Home Technical Talk

Question regarding UV unwrapping and Smoothing Groups

polycounter lvl 4
Offline / Send Message
DustyShinigami polycounter lvl 4


Just a quick question regarding UV uwrapping and Smoothing Groups: we were taught to add Smoothing Groups FIRST before UV unwrapping. Is it perfectly fine to do it backwards instead? Are there any negative downsides to doing that?

This is just a personal preference for me, doing it backwards, but I find it easier as I can add my cuts and make my UV islands, and then I can more easily select them in Max, and from there - add a Smoothing Group. :)



  • Ghogiel
    Offline / Send Message
    Ghogiel greentooth

    It's usually done the other way because, as a general rule, you want to set up the shading before moving onto UVs> you might need to change geometry if the shading isn't great. But you can pretty much predict if something is going to be an issue if you have a little experience.

    The only other reason I can think of would be is you have marginally more/better tools make face selections for smoothing groups than to select make seam edges. Especially if the geometry isn't quaded loops. You can just hit the explode by smoothing groups and you probably are close having the islands you need in many cases.

    I don't think most of time it's not going to make much of a difference, kinda a minor workflow prefernce.

  • DustyShinigami
    Offline / Send Message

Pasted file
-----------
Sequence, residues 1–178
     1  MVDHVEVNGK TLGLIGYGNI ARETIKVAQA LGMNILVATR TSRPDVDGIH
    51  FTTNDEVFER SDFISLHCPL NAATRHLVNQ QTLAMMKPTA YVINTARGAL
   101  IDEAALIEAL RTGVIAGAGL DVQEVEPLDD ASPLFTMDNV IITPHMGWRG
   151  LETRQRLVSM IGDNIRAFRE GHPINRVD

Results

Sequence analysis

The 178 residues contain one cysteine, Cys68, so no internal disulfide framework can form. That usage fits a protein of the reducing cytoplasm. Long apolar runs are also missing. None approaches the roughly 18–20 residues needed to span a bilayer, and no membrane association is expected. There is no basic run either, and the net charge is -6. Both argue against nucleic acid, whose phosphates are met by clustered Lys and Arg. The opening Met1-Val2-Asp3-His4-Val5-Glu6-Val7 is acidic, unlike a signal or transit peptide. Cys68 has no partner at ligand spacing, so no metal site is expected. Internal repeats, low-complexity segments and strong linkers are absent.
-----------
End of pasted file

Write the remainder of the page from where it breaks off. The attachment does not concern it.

DustyShinigami polycounter lvl 4

    Hmm. Okay. I forgot about the explode by Smoothing Groups option. Though I usually quite enjoy unwrapping in Maya thanks to its distortion checker, even if it means having to manually add seams etc., then once I’m happy, I export the mesh back out into Max. 😁

    I have been making sure to have quadded loops with my current model, but there are some areas where face selecting is a bit of a pain, even with the Grow and Angle selections. I made sure to add the quadded loops/edges around the parameter of some areas, knowing that’s where I would add my seams/cuts.

    I think, in the case of the model I’m working on, I kinda knew beforehand how many Smoothing Groups I was going to need per mesh. Some I decided to change slightly, once I was adding cuts, and realised I’d be better having a mesh with two separate islands/UVs, but the majority have only needed a single Smoothing Group as they’ve not needed any hard edges.

  • sprunghunt
    Offline / Send Message
    sprunghunt polycounter

    I UV map first all the time. Smoothing groups cause splits in the geometry. Splits mean more vertexes and therefore more memory.

    So in order to make sure my meshes are as optimized as possible I will do this:

    1) UV model

    2) setup hard edges/smoothing groups wherever there are UV splits (I always try to reduce the number of UV splits while avoiding causing too much distortion)

    3) do a test bake in substance designer

    4) add extra smoothing groups if there are any visible artifacts

    5) bake model again

    In my experience this ensures the most efficient models.

  • Bolovorix
    Offline / Send Message
    Bolovorix sublime tool

    In order to get clean bakes in the engine I work in I pretty much have to setup smoothing groups based on UV shells. So I always UV my models first and then setup smoothing groups based on the UVs.

    I use a custom script to do it in Max and am not sure what tools it has out of the box, but, in Maya if you select all of your shells you can convert selection to shell border and in blender I just make sure all my UVs have their seams marked and I do a "select similar" by "seam" and set those edges to sharp.

  • Kanni3d
    Offline / Send Message
    Kanni3d ngon master

    Shading/smoothing groups first, then base those shading/smoothing splits onto your uv splits (which you can then split further if needed).

    I find that if you do UVs first, and run a script to gen smoothing groups from UV's, you'll come out with not optimal/desired shading.

Sign In or Register to comment.